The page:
Mustachian portfolios


Corporate bonds tend to go down with the rest of the market in a downturn. If you intend to sell these bonds (to buy equities when they go down, right?), you’re betting on the rates falling further (in crisis time, ha!) and bonds rising and that they’ll even be buyers for these, which is less certain for HY variety. If you’re after their high returns, you should be rather holding them to maturity to collect all those dividends, and have you looked at the spreads and default rates recently?

It’s an interesting point, but I’d be worry of any analysis that doesn’t take into account bond yields. CAPE has become very correlated to bond yields which have been falling for good 30-40 past years:, so the cause of high CAPE could be as well just the historically low interest rates.

It’s a distributing fund, not accumulating, so there should be no troubles with it even though ESTV didn’t collect data on it. Accumuling funds not in ESTV list are a much bigger concern as then it’s your burden to prove what part was pure capital gains and what part was reinvested income, and if you fail, then potentially they may want to just tax you on all the gains.


Well I am mostly interested in the autofillin for the tax-declaration which is based on the ESTV as far as I know (I actually have not tested that jet). Do you have VT yourself and if so how do you handle that? Taxes really seem like the hardest part to me.


Yes it’s a more manual process to fill in the numbers for them, but not really that hard. Just sum up all the gross dividends times applicable exchange rates. AFAIK you’re supposed to use the official ESTV’s Tageskurse for the previous business day. It’s no big deal if make small mistake. For DA-1 you’re supposed to attach brokerage statements anyway so they can see the original numbers and correct stuff if they don’t like something


Well if I manage to do this it could be quite lucrative with he lower TER and much lower transaction costs as well as possibly recoverable tax. Well the worst case is me bugging you next march XD.

I will have to see what I will do about the Saxo account, I will probably just sell and eat the losses.
Wired how my contact still did not answer my email about the custody-fees while answering questions about account creation pretty much instantly.


Corporate bonds do tend to be correlated with the rest of the market in a downturn and indeed liquidity (including for high yield) reduces in crisis time, so shifting to equities at that time may reveal costly.

That said, as you note, corporate bonds still take advantage from lowering interest rates and still present a lower drawdown risk than equities.

Consequently a period of crisis would indeed reduce your asset value (well, investing presents that risk), however you would still be in a position to take advantage of the lower equity valuations when that happens thanks to lower drawdown on you bond portfolio (including corporate bonds).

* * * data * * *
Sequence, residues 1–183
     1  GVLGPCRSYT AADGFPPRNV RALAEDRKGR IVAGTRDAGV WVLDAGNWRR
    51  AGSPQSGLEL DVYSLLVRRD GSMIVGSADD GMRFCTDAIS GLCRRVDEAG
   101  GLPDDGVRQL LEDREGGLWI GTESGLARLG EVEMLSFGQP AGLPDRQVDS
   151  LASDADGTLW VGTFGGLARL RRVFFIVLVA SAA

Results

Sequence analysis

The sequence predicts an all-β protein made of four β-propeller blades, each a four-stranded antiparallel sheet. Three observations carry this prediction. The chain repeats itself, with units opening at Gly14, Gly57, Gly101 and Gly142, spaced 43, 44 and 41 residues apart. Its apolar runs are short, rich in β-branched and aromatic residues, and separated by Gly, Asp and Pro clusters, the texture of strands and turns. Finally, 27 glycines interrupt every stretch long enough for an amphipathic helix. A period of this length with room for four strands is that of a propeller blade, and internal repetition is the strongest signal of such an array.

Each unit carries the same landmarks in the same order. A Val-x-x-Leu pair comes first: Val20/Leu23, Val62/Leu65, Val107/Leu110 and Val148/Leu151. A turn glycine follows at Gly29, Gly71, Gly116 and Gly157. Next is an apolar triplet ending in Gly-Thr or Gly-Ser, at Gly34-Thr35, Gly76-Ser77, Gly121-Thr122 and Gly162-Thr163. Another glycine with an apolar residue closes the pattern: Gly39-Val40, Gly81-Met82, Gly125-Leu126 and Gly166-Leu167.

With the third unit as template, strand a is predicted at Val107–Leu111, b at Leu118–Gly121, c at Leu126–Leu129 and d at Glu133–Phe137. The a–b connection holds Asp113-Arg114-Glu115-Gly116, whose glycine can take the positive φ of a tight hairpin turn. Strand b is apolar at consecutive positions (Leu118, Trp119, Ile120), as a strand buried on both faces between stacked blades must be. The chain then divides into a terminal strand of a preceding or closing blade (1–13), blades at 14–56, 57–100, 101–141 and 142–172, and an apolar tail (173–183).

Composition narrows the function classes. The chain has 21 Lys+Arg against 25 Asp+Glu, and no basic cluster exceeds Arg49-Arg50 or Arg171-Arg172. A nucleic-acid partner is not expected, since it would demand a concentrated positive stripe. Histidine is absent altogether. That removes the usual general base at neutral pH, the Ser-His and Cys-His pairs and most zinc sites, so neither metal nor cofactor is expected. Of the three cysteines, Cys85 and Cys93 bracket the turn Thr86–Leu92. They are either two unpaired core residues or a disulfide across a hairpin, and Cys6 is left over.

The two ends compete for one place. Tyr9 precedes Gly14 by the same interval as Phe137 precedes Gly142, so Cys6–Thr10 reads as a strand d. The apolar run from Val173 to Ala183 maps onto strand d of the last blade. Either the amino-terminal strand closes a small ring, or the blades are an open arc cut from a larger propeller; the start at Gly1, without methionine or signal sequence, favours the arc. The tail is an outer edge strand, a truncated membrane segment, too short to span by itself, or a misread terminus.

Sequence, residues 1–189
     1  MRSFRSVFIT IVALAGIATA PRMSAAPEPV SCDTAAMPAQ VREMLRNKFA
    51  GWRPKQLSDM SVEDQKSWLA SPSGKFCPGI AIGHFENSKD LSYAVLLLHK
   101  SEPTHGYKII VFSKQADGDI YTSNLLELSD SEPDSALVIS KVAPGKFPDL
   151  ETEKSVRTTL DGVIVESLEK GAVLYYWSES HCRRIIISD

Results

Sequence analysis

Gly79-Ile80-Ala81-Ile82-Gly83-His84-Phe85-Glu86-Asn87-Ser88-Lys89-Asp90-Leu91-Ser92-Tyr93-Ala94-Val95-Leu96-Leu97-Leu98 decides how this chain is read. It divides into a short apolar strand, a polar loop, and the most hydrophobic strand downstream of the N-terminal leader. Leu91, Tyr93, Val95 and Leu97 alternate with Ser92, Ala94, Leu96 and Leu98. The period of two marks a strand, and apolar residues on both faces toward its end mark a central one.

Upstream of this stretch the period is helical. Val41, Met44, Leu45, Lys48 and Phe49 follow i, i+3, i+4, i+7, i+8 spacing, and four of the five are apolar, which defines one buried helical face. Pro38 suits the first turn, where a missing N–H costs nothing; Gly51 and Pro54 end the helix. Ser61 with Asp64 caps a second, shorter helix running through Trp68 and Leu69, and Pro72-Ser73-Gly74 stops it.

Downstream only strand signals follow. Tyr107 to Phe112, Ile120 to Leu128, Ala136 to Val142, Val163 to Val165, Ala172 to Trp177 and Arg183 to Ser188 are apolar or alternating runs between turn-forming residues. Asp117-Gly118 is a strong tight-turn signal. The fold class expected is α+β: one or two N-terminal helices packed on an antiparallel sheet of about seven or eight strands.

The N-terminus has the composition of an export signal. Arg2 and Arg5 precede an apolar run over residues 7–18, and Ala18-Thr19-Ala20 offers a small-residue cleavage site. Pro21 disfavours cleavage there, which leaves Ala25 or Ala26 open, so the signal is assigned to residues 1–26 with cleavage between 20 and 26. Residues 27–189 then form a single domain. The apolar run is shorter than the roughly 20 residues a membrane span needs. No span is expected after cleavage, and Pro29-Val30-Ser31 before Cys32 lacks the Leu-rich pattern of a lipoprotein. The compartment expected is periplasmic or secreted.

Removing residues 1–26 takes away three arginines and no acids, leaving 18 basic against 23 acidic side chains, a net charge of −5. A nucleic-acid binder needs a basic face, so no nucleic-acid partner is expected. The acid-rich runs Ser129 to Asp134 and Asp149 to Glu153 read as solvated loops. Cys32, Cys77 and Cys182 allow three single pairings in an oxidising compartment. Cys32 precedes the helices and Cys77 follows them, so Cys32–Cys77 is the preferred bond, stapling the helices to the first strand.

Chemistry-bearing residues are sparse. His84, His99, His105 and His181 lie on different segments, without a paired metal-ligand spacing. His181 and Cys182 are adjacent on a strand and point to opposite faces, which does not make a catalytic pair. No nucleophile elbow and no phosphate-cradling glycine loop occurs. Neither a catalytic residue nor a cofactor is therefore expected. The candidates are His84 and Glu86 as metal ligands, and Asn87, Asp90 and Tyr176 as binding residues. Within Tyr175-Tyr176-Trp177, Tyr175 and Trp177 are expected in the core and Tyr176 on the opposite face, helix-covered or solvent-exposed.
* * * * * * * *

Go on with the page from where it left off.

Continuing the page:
Still, no one has a crystal ball on valuations and that is why we still invest in more risky bonds holding a credit component - the same way we still advise some S&P 500 allocation if someone is to invest.

Particularly on credit spread, I suppose you refer to their current tightness. It surely doesn’t make for an ideal situation. That said, it doesn’t render our above mentioned belief invalid and while spreads are low the steepness of their curve still allow for increased additional income in an index environment.

We agree that low interest rates strongly impact CAPE.

That said, if we refer to your link you still see a high correlation between starting CAPE and return over the following 10 years.

Also, we could think that on a fundamental valuation point of view it makes sense in the first place, i.e. discounting CF models.

Yet if we are to observe continuously low interest rates, this would be for structural underlying reasons (demographics, potential growth expectations…) likely to create adjustments on the CAPE due to consequently depressed prices.

In any case, this is very interesting and something we will definitely dig deeper into in the future. Thanks!


thanks for sharing all this stuff :slight_smile: sorry for getting all these partially harsh replies, but i join in for the most basic points you already read.
the common ground in this forum is

  • reducing the cost to the far, and adding 1% in fees roughly correspond to quadrupling expenses or even more!
  • having a simplistic few-fund-lazy-portfolio (which comes back to the previous point)
  • the DIY-mentalitly is quite strong here, so even less incentitive for people here to pay somebody to do typically <10 transaction yearly. this corresponds to the cost of a CHF 10-20k account with simplewealth (depending on broker…). above that, the expenses point of view clearly favors the DIY approach!

so what could you offer that is valuable to the people here? access to institutional-only-index funds? cheap robo-advising? What do you do better or how do you distinguish from truewealth, who does the same for half of your fees?

However I still wish you to be successful with your business, to spread the word of indexing and let the financially incapable folks have a better time than with UBS/CS/ZKB/… private banking!